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Africa: Pan-African Payment System Launched – How It Works

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Africa Pan African Payment System Launched How It Works

The long awaited Pan-African Payments and Settlement System (PAPSS) was launched Thursday, January 13, in Accra, Ghana, in a virtual event under the theme: “Connecting Payments, Accelerating Africa’s trade.”

The new system allows a buyer in one African country to make a payment in his or her national currency and the seller in another country receives payment in their local currency.

Its commercial launch came after a successful pilot in the West African Monetary Zone (WAMZ) region. The WAMZ is a West-African economic and integration body with six countries – Gambia, Gambia, Ghana, Guinea, Liberia, Nigeria and Sierra Leone.

According to Prudence Sebahizi, the Chief Technical Advisor at the AfCFTA Secretariat, the new system will allow a customer or a buyer to make payment in a national currency and the seller will receive the payment their own currency.

This, he noted, is way easier and less costly than changing the Kenyan shilling to the US dollar and then converting the US dollar to the Ghanaian cedi, as has been the case.

Emmanuel Sesonga, the director of business development at Herbmadz, a Rwandan holdings company that specializes in different sectors including IT and breweries, welcomed the initiative.

Sesonga said: “It’s a good initiative for us who are planning to tap into the continental market by exporting our products.

“We are also planning to open in different African countries and I hope that with these kind of systems, it eases doing business not only for us at Herbmadz but also others in the business community.”

In order to enable instant payments across African borders in local currency, a document available online indicates that the new system supports three core processes: instant payment, pre-funding and net settlement.

How instant payments work

With instant payment, participants no longer need to convert local currencies into hard currencies which then entailed the funds leaving Africa to be converted before being sent back again to the beneficiary bank – adding days to the transaction time.

In addition, it is noted, compliance, legal and sanctions checks are performed instantly within the system. Near-instant payments process is done within 120 seconds.

How pre-funding works

Due to the speed of the real-time payment process, it is noted, the system needs to guarantee that funds are available to complete the originator’s transaction before effecting the movement of debits and credits between participants’ accounts. Participants must, therefore, agree to a pre-funding arrangement.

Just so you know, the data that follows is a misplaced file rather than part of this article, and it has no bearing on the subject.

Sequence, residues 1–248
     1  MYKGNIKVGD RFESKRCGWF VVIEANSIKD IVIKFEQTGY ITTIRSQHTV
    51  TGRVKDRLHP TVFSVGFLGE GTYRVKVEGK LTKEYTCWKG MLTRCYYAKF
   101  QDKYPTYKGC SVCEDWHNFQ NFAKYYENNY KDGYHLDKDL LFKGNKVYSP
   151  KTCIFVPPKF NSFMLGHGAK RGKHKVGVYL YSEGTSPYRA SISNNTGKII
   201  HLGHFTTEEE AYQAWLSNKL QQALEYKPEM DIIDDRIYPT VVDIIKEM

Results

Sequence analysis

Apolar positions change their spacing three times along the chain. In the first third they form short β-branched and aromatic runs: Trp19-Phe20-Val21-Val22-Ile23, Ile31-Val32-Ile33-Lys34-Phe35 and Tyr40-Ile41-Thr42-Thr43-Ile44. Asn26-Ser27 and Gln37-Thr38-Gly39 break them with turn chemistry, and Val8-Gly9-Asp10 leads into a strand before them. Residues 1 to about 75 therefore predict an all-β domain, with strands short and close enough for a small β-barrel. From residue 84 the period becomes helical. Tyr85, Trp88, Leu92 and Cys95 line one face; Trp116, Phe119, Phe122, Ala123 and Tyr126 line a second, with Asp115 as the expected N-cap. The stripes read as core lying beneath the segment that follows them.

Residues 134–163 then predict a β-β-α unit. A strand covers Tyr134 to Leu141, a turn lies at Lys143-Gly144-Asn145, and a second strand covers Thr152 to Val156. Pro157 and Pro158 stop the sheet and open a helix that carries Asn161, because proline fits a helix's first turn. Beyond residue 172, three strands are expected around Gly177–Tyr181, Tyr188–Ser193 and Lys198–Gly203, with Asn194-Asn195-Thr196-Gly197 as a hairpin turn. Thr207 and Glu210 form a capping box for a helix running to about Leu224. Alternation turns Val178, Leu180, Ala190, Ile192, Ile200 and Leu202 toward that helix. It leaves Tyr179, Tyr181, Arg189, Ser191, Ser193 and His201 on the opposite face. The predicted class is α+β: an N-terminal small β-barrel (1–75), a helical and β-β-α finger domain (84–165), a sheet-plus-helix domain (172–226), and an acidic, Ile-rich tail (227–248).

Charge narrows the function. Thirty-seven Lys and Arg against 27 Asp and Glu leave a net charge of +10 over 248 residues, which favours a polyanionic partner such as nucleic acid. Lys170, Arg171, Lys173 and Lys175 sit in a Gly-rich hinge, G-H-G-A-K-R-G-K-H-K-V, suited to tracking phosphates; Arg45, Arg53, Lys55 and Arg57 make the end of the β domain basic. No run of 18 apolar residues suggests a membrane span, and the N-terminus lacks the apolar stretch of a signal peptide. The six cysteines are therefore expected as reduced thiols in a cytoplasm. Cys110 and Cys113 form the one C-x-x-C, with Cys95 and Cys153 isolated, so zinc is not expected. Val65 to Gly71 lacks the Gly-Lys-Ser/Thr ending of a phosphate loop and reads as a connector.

Direct participants integrate directly with PAPSS and the real-time gross settlement (RTGS) systems of central banks in the pre-funding process. Participants without an RTGS account – indirect participants – are able to fund or defund their clearing accounts on the system with the aid of a direct participant providing the required liquidity.

Notifications are carried via the ISO 20022 messaging standard, notifying PAPSS, the participants and RTGS of the status of every stage of the transaction.

How settlement works

The Pan-African Payments and Settlement System needs to ensure prompt settlement within 24 hours. Net settlement across all participating central banks occurs at the same time – 11.00 UTC – each day.

As with the pre-funding process, notifications are carried through an ISO 20022 messaging system, notifying PAPSS, the participants and RTGS of the status of every stage of the transaction.

As noted, the system’s core service is provided by its instant payment system (PIP™), and supports wholesale and retail real-time payments and the connectivity of banks and payment service providers.

Key features of PAPSS instant payment are: instant and irrevocable credits to customer accounts; immediate confirmation to both originator and beneficiary; service availability 24/7, 365 days a year; ISO 20022 global message standard allowing interoperability, large data sets and rich data for payment and remittance information; and secure infrastructure, incorporating cyber-security and payment fraud systems underpinned by behavioral analytics and machine learning capabilities.

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